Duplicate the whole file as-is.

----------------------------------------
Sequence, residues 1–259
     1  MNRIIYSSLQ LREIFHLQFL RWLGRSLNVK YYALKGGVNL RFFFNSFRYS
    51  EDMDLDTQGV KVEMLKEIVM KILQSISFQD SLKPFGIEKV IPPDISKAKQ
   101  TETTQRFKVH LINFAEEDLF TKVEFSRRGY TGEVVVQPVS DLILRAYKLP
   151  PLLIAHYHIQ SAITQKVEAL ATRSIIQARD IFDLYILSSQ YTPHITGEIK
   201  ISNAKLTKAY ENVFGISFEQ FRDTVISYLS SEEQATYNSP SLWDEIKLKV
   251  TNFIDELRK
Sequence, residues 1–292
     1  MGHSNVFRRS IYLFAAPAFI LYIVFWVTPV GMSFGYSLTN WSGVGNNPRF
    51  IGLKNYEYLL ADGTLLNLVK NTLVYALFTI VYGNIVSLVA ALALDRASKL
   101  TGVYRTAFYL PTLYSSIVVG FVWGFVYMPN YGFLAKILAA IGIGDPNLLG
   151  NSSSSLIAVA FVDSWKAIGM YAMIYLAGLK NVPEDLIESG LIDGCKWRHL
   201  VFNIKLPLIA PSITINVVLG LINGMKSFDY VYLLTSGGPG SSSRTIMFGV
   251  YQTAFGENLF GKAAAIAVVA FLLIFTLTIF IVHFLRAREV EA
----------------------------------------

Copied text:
Sequence, residues 1–259
     1  MNRIIYSSLQ LREIFHLQFL RWLGRSLNVK YYALKGGVNL RFFFNSFRYS
    51  EDMDLDTQGV KVEMLKEIVM KILQSISFQD SLKPFGIEKV IPPDISKAKQ
   101  TETTQRFKVH LINFAEEDLF TKVEFSRRGY TGEVVVQPVS DLILRAYKLP
   151  PLLIAHYHIQ SAITQKVEAL ATRSIIQARD IFDLYILSSQ YTPHITGEIK
   201  ISNAKLTKAY ENVFGISFEQ FRDTVISYLS SEEQATYNSP SLWDEIKLKV
   251  TNFIDELRK
Sequence, residues 1–292
     1  MGHSNVFRRS IYLFAAPAFI LYIVFWVTPV GMSFGYSLTN WSGVGNNPRF
    51  IGLKNYEYLL ADGTLLNLVK NTLVYALFTI VYGNIVSLVA ALALDRASKL
   101  TGVYRTAFYL PTLYSSIVVG FVWGFVYMPN YGFLAKILAA IGIGDPNLLG
   151  NSSSSLIAVA FVDSWKAIGM YAMIYLAGLK NVPEDLIESG LIDGCKWRHL
   201  VFNIKLPLIA PSITINVVLG LINGMKSFDY VYLLTSGGPG SSSRTIMFGV
   251  YQTAFGENLF GKAAAIAVVA FLLIFTLTIF IVHFLRAREV EA